A number of years ago, the Diocese of Southern Virginia generously allowed me to adapt their written diocesan norms for use at a non-profit at which I worked. My feeling was that having a written starting point was helpful in encouraging staff to adopt positive approaches to interacting with each other.
Such a document also would be useful, both to the Diocese of Virginia and Grace, as well as several other parishes in the area. In fact, I cannot imagine it not being helpful at any church.
Of course, right about now, folks like Susan Goff will say, “Well, but we already have that. It’s called the Baptismal Covenant.”
Needless to say, that is true. Sort of.
Yes, the church has the baptismal covenant, but like many great ideas, it falls far short in practice. Just look at Grace Episcopal, the clergy perjury parish, as an example.
Whether it Kelly Motormouth Gable’s defamation of me, folks at Grace hitting on other people’s husbands, perjuring priest Bob Malm’s ugly comments about people, speculation about one individual’s alleged penile implant, gossip about one married individual who is allegedly secretly gay or bisexual, or the lack of accountability for Bob Malm, there’s very little that suggests to an outsider any sort of Christian perspective. Indeed, while people are friendly, there’s an awful lot of talking about people, instead of to people.
I’m fact, I’ll never forget the time a supply priest at Grace said during his sermon of one of the great characters of the Bible: “He was the sort of person who’d defriend you on Facebook.”
That’s immensely amusing to me, because when perjuring priest Bob Malm and I had our falling out, only a handful of folks at Grace stayed friends on Facebook — even amongst people I had known well.
Thus, love and acceptance at Grace are conditional. Jesus loved and welcomed the poor, the outcast, and the oppressed, but do something that folks at Grace don’t like, and you’ll find yourself, if not poor, certainly outcast and oppressed. Indeed, perjuring priest Bob Malm and Sugarland Chiow may soon be calling you a domestic terrorist.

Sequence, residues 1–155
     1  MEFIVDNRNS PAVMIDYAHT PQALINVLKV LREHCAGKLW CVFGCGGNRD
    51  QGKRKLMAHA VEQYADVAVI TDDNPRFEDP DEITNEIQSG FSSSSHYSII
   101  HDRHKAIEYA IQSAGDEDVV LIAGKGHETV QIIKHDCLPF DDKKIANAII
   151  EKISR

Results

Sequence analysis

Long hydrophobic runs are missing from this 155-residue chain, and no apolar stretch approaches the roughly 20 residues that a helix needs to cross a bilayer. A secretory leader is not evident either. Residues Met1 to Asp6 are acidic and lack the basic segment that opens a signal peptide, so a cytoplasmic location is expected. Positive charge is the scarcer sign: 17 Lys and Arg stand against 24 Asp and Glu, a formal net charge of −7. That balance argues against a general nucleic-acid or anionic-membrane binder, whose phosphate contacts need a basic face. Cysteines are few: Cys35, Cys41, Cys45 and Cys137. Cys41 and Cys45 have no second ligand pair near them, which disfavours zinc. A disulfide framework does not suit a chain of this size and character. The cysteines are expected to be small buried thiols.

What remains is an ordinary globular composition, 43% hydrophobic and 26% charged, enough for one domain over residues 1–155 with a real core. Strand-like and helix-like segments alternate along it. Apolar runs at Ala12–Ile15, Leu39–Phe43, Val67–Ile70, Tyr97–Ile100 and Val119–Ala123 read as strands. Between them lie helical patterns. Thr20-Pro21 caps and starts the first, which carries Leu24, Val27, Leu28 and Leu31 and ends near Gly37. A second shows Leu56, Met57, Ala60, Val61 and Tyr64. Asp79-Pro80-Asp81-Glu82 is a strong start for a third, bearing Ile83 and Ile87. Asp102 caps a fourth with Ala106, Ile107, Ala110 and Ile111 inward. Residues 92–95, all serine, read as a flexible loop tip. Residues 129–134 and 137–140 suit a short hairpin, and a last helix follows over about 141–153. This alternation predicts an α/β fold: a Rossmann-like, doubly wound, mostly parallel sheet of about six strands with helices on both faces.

It also shows that folks at Grace aren’t very bright when it comes to speculating about others. The reality that the negative comments about the church on social media following my dust up with perjuring priest Bob Malm didn’t come from me — they came from someone else. And it doesn’t take a rocket scientist to figure out who that might be. But truth and accuracy never were a big problem for folks at Grace when it’s time for them to pass judgment on others. Indeed, as I’ve said before, the one consistent factor in my ongoing kerfuffle with the church is that no one has even once asked the question, “How are Eric and Mike doing?” Nor for that matter does anyone care.
And that’s fine by me. If, as one member of the Medley household says, my “name is mud in Alexandria,” and that means Grace Church, I hope so. Any church where it’s okay for the rector to commit perjury, and where people urge others to commit suicide, is not one worth having. No thanks. You can keep it.
So having norms certainly won’t fix all or even many of the problems at Grace. But having standards of this sort could be a good starting point for the long and arduous slog ahead that’s going to need to happen for Grace to survive.